Last week’s proposal by the UK government to ban sales of petrol and diesel vehicles by 2040 raises some serious questions over the UK’s ability to adapt to greater electrification, senior industry observers have pointed out.

Reacting to the joint announcement by the Department for Environment, Food & Rural Affairs and the Department for Transport, Mike Hawes, chief executive of the Society of Motor Manufacturers and Traders (SMMT), described the proposed ban as a “surprise” and somewhat “heavy-handed”, given the market’s existing progress towards alternative engine products.

“The industry is already moving away from internal combustion engines. We are seeing a raft of new products on the market: hybrids, plug-in hybrids, pure electric and hydrogen vehicles,” said Hawes.

“One of the concerns we have is that in this transition, we all need to make sure that the UK’s strengths are maintained – and an outright ban presents some risks, especially to some of our small manufacturers,” he added.

Another area of concern is what the ban could mean for commercial vehicles, most of which are powered by diesel engines, said Simon Heath, director and automotive specialist at KPMG UK.

“Over 90% of commercial vehicles are diesel and only limited alternatives are available presently,” noted Heath. “The government needs to further consider the implications of the ban, as well as the huge infrastructure investment that will be required to install charging stations across the country."

Hawes of the SMMT highlighted the compromise that would need to be made between range and payload on commercial vehicles if they shifted towards pure battery power, and suggested there were also questions about the UK’s capacity to produce electrified vehicles locally on a large scale.

Currently the Nissan Leaf electric vehicle is built in the country, while BMW has just announced that the electric Mini will be built in Oxford from 2019.

The BMW announcement indicated that the drivetrain for the vehicle would be imported from Germany, highlighting the interconnected supply chain between the UK and the rest of Europe, as the UK prepares to leave the trading bloc and negotiate a number of new trade deals globally.

Any future trade negotiations between the UK and the EU, and between the UK and the rest of the world, will probably contain rules of origin requirements for goods manufactured within the partner countries – and with the UK’s conventional automotive manufacturing industry already believed to sit well below the levels expected under most free trade agreements, a shift to electrified vehicles may exacerbate the problem.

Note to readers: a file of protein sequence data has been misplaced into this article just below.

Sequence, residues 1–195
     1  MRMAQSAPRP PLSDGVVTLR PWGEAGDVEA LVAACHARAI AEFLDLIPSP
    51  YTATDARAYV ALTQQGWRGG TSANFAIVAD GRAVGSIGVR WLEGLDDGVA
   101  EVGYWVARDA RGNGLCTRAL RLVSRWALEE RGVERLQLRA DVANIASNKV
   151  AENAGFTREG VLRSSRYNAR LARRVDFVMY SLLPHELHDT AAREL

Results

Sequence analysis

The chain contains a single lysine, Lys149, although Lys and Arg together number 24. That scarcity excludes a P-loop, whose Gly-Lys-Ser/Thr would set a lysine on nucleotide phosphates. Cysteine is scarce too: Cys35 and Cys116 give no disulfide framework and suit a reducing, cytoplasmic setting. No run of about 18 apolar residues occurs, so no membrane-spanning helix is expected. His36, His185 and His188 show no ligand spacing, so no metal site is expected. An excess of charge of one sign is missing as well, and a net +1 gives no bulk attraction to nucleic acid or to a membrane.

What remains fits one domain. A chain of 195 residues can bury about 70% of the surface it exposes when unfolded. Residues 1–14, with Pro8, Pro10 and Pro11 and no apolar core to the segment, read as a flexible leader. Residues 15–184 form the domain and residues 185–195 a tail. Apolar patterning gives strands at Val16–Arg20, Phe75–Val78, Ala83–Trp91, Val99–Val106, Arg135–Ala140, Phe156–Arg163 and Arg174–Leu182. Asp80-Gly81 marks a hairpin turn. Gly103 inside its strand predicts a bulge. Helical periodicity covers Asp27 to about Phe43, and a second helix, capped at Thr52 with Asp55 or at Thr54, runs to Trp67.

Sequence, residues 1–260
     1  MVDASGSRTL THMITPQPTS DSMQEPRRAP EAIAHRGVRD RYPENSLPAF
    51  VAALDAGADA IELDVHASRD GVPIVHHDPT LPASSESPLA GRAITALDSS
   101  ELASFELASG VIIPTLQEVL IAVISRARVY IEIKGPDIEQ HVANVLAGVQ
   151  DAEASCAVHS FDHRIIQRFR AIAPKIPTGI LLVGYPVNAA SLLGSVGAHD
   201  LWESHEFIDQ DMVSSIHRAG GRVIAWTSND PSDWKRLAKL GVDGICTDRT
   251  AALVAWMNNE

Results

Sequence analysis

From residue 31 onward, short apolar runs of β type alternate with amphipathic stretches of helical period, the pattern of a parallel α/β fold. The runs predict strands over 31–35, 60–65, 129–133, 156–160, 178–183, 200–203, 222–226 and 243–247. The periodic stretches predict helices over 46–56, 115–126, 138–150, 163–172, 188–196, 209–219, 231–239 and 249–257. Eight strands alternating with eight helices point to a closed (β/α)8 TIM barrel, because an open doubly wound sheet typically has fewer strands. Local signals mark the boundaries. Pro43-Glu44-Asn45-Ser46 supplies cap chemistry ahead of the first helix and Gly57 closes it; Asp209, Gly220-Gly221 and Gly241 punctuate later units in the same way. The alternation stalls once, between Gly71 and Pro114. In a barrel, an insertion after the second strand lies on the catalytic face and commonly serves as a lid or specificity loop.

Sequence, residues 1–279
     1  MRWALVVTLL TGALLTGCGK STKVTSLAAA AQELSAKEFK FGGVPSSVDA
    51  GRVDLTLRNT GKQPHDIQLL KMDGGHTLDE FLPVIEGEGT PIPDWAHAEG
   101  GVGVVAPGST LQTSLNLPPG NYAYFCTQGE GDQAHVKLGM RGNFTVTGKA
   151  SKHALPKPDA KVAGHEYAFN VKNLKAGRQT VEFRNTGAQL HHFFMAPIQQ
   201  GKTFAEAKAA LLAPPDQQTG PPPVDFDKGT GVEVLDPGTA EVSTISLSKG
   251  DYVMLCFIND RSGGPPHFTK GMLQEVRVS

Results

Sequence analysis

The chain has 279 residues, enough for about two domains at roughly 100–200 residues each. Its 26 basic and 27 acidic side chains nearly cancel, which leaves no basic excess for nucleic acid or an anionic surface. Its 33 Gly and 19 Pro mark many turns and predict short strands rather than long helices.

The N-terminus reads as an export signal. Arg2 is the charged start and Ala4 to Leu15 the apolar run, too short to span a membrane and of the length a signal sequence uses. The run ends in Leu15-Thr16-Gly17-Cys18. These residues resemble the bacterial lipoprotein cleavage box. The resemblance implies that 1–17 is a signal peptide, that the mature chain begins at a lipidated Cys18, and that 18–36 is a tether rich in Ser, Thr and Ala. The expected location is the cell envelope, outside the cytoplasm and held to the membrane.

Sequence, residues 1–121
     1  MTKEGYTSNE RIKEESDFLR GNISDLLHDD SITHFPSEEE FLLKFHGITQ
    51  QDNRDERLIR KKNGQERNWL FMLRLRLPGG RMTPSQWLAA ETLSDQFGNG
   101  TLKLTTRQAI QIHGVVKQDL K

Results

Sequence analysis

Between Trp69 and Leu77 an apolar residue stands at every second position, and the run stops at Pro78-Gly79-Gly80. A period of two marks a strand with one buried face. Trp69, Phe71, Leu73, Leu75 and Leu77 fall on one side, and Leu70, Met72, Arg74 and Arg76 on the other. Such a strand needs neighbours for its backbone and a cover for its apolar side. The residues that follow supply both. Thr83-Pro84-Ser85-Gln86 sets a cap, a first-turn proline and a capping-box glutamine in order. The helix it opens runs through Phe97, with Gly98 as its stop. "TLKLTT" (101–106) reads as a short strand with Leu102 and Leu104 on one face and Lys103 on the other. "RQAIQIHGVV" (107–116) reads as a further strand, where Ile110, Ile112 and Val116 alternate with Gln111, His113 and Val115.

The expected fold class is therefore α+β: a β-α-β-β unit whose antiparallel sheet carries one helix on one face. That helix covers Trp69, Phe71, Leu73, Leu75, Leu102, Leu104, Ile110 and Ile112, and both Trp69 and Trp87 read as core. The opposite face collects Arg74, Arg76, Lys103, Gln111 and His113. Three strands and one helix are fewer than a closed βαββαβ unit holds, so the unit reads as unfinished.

“With this shift to electric vehicles, clearly, a greater proportion initially of the value or the content will be in the drivetrain,” said Hawes.

One potential solution, he said, may lie in the principle of cumulation, whereby goods from other countries can be recognised as original content.

In Europe, trade goods from countries such as Morocco and Israel are recognised under this rule, while within the recent Japan-EU in principle trade agreement there is opportunity for content from the ASEAN nations to count towards Japan’s original content, according to Hawes.

“That is one way that you can get around and overcome some of the potential threats,” he said. “The other option is to get a tremendous amount of investment in very quickly to make sure you get to that threshold.”

Meanwhile, consultancy IHS has suggested the UK petrol/diesel ban will still allow room for hybrids.

Describing the words used in last week’s government announcement as “very much open to interpretation”, the consultancy said it effectively left the way open for “electrification on a number of levels, including plug-in hybrid electric vehicles (PHEVs) and possibly even mild hybrids.”

Alternative fuel vehicles are steadily gaining more market share in the UK although they remain a small component of the overall sales mix. Over the past decade, annual sales of such vehicles have increased five-fold to reach 88,919 units in 2016, from 16,641 in 2007. Last year, 3.3% of all registrations were of alternative fuel vehicles, compared with just 0.7% in 2007.

This year, the trend has continued with electrified cars making up 4.2% of car sales in the first half of 2017.